When we first got together, my girlfriend and I both said emphatically that whatever happened between us wouldn’t be serious.
We were both wrong.
I knew quickly she was it for me. We talked about marriage, about kids, about the house we wanted to build out in a moshav, about how annoying we’ll be when we’re old ladies.
My (gay) mom was quietly ecstatic to hear that her daughter had fallen in love with a woman. My dad, who didn’t know in any detail about my dating history regarding women, said as long as I was happy, that he was happy.
And so, everything was perfect: I bought a ring, she said yes, and then… we realized we had to plan a wedding.
And not just any wedding, but a gay, Jew-ish wedding-but-not-a-wedding because we’re two ladies in love who happen to live in Israel.
Here, we don’t have the option of a legal wedding because here, gay marriage doesn’t exist.
Here, enormous, over-the-top weddings — the kind that boil my blood over their grandiose, show-off-ish nature — are the norm.
Here, my religious status is not recognized by the rabbinate as Jewish, thanks to my mom’s Reform conversion (so, even if I was engaged to a guy, I still wouldn’t be able to marry him!).
Sounds like a good starting point, doesn’t it?
Let me first say that before we even got engaged, we decided that our future wedding would be ours. All decisions would be made by us. I didn’t want to be taking orders from anyone about why my fourth-cousin thrice-removed needed to be invited (to be fair, my family isn’t like that, and I don’t have any fourth cousins to speak of, but still). No demands or requests from our oh-so-well-intentioned friends and family. We wanted a small, simple wedding that reflected who we are as individuals, and as a couple.
That aside, there’s a long list of things you need to consider when you’re planning a wedding, and your first thoughts will always be venues, *the dress*, and the guest list. But, as it turns out, there are about a thousand things you (and me) never realized are worth paying attention to, too.
Considering that our wedding does not exactly jive with tradition, those thousand things become a bit more complicated — it isn’t just buying a glass to break under the chuppah, it’s whether we want to do that at all. And if we do, which one of us will do it? Or will we both, each breaking our own glass? At the same time, or one after the other? You get the gist.
Veils? No. In a trend that’s becoming more common among young, progressive women (or at least my friend Sara), brides are opting out of this antiquated tradition. And anyways, I want to see my fiancée fully, not through a curtain of lacy mesh.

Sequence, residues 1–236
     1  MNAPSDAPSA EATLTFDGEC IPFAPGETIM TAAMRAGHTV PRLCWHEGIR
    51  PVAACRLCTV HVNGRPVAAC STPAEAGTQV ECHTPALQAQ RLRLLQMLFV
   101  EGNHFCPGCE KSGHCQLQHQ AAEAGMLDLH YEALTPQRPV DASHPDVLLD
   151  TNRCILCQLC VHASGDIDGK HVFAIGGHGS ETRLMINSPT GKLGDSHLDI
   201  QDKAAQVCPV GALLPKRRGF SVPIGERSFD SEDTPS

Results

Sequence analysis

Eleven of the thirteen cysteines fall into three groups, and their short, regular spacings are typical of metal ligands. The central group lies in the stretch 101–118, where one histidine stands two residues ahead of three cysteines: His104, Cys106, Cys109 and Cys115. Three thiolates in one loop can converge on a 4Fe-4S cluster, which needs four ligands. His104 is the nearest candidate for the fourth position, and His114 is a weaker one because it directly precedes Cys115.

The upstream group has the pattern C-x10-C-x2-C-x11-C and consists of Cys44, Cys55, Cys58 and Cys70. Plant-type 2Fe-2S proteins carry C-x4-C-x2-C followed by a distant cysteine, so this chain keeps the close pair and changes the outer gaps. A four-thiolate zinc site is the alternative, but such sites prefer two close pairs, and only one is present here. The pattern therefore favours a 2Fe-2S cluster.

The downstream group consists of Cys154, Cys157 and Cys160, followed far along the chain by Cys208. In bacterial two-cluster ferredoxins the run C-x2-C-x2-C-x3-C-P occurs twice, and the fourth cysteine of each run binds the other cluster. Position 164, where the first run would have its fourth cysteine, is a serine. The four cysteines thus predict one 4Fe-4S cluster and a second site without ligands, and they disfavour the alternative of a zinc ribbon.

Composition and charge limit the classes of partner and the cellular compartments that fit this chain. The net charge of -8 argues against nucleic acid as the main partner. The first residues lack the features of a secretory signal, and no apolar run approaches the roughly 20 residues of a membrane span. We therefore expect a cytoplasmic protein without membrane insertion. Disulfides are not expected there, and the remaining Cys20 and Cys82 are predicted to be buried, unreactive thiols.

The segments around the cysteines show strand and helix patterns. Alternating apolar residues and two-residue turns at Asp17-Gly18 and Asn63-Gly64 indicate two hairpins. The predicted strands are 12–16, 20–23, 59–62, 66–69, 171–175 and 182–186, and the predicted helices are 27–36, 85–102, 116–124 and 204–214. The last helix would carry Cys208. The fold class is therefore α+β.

Kosher food? Probably yes, despite the fact that we don’t keep kosher (sorry Abba). I was raised Conservative, she was raised Russian, which is to say I don’t think she fully knew what kosher food was until I entered into her life. But with Israeli wedding venues, you don’t have much of a choice.
Will our fathers give us away? Yes and no. In Jewish weddings (at least in Israel), both parents walk the bride to the aisle, where she is greeted by her groom. But there is no groom to be found in this holy matrimony. So do we walk down the aisle together? Or do we have our parents walk us down? In that case, who goes first?
The author and her fiance (courtesty of Shoshana Kranish).
I’ve seen so many videos of grooms and brides seeing their soon-to-be-betrothed walking down the aisle, seeing them in their dresses for the first time, smiling, crying tears of happiness. I want that moment. And we’ll have it, but it just might look a bit different.
Once we get up to the chuppah is when things start to get even more complicated. Traditionally, there are seven blessings said, but because Hebrew is a gendered language, we have to tweak them slightly. But do we even want to say them, anyway, and if so, do we want to say all of them? Do they all apply to us, as a same-sex couple? (The short answer is no.)
The biggest challenge might be how to hold the wedding simultaneously in two languages. My love is Israeli, though Russian is her first language, and I am, despite my best intentions, American as f*ck. I’ll have friends and family flying over to see me get not-quite-married, and I don’t want them to spend thousands of dollars to not understand a word of what’s going on.
Besides, I want to incorporate some American traditions — like vows and toasts — yet still retain the liveliness of an Israeli simcha.
The list of these complicated questions goes on and on and on. And don’t forget the fact that we’re two young millennials, saving money simultaneously for a wedding as well as for my fiancée to go to medical school — which will ultimately require a move abroad to somewhere in Europe.
Planning a wedding is no small task for anybody, but planning something so far outside of the norm is proving to be one of the hardest things I’ve ever done.
If I was planning a gay wedding, dayenu; if it were just a regular Jewish wedding, dayenu; but add those together and then consider that I live in Israel, where I have to plan this whole shindig in a language that isn’t even my own, and you can understand why I’m freaking out just a little.
But just a little. To be honest, we aren’t doing much planning at the moment. We’ll get to it soon enough. We’ll get married next summer one way or another. For now, I’m just adding photos of DIY centerpieces to my wedding Pinterest and pretending like that’s enough.
Photo by Kimberly White/Corbis via Getty Image